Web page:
Photo By Prixel Creative

Sexual harassment has many faces. Sometimes it’s a catcall, sometimes it’s an inappropriate comment or look made by an older male, or sometimes it’s unwelcomed or forced touching. Whatever shape it comes in, it’s wrong, it’s not normal, and women everywhere are starting to raise their voices and fight against it.

Today, The Every Day Sexism Project launched a campaign on twitter to encourage women to share their stories of sexual harassment from their childhood by using the hashtag #WhenIWas. Women all over the world shared their experiences, recanting how they were harassed even from the young age of 6, being ignored when they told someone, or being told that it was their fault.

Reading through these tweets sparked empathy, anger and memories of my own experiences of sexual harassment. To show my support for this movement and women I decided to share a few of my own experiences:

#WhenIwas 11 a boy who I thought was a friend of mine called me a prude in front of everyone because I wouldn’t kiss him.

#WhenIwas 12 I would walk home from school and older boys in cars would beep their horns at me.

#WhenIwas 18 a male coworker twice my age would make sexual advances at me saying frequently that I was “sexy”.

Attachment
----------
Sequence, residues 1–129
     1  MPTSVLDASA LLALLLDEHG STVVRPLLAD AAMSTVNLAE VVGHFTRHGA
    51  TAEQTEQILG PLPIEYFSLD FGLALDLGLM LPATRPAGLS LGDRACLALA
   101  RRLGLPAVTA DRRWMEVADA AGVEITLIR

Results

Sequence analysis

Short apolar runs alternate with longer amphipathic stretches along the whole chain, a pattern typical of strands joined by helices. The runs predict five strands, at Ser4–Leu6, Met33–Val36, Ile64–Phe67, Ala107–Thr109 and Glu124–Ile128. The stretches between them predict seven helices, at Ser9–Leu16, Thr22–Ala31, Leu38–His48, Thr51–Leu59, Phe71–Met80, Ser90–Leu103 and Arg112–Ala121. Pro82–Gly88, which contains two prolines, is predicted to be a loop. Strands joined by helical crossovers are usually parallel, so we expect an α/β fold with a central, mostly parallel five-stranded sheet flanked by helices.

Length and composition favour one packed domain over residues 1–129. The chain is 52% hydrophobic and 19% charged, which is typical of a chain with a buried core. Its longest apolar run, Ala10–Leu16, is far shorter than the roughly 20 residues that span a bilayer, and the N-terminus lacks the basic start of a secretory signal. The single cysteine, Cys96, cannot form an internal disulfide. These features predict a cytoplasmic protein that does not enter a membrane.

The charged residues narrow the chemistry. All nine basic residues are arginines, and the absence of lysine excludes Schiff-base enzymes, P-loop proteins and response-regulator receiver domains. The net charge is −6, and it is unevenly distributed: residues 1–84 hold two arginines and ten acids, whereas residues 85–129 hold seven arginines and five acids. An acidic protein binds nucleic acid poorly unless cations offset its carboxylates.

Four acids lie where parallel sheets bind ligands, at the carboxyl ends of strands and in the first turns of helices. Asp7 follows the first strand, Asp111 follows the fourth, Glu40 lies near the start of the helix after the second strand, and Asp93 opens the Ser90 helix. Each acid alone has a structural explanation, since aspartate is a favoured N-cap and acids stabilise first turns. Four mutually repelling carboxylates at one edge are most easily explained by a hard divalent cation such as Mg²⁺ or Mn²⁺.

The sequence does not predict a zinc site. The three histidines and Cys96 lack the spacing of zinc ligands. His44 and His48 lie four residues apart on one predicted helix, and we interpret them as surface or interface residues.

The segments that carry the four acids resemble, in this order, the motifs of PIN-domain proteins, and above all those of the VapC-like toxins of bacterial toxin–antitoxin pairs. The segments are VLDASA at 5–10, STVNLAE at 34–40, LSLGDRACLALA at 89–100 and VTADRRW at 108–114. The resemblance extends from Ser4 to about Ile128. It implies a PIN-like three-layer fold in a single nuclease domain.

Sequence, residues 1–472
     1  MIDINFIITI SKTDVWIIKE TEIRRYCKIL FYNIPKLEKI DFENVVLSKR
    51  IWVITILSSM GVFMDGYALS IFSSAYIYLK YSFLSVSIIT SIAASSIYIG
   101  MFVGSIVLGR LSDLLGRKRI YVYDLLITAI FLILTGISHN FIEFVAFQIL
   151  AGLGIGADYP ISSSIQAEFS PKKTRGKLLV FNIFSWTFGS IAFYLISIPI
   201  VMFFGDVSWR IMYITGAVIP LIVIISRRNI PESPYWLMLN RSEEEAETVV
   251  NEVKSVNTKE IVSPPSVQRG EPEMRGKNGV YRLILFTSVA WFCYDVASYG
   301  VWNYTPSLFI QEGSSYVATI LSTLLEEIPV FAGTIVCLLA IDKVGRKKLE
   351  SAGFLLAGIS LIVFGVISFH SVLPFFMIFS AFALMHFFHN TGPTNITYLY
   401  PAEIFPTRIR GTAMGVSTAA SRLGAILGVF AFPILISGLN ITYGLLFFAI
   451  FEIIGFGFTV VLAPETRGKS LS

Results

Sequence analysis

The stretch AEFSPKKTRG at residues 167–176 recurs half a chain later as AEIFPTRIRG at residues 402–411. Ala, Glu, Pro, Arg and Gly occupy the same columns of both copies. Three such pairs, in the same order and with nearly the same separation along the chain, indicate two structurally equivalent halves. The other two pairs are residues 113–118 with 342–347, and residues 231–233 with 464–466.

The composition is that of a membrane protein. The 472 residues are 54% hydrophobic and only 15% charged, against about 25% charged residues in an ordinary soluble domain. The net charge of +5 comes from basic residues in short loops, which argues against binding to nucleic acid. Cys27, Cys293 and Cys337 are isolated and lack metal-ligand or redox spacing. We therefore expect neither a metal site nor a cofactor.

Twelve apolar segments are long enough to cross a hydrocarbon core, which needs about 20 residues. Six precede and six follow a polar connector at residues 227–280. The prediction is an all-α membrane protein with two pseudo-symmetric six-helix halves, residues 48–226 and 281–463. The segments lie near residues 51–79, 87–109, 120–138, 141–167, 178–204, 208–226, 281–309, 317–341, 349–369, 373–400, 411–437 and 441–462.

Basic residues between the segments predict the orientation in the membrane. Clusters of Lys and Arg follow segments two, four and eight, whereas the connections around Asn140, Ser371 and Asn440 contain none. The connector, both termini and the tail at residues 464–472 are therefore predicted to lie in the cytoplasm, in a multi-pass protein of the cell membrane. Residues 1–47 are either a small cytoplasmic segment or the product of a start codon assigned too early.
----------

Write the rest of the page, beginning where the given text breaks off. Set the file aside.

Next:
#WhenIwas 20 a male coworker grabbed me at work and kissed my neck. When I told my boss, friends and some family members, they said it wasn’t a big deal.

To this very day if I see a group of construction workers, I put my head down and cross the street, or start plotting what I will say in return to their catcalls. Looking back I can remember vividly how each experience made me feel ashamed, and in a twisted way, I could start to believe that my value was found in how these men viewed me. I know now that they didn’t value me at all, in fact, they didn’t value life at all. Sharing my experiences makes me uncomfortable, and a part of me still feels that it was all somehow my fault. And this is exactly why this campaign is important.

I sincerely hope that the women who vocalized their experiences have found healing and empowerment in it. We all need to get in the fight and it’s been a relief to see some male supporters:

Thanks to The Everyday Sexism Project and the brave women who shared their story, we can start de-normalizing sexual harassment.

Learn more about Everyday Sexism Project
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Act by sharing your experience and supporting those who have.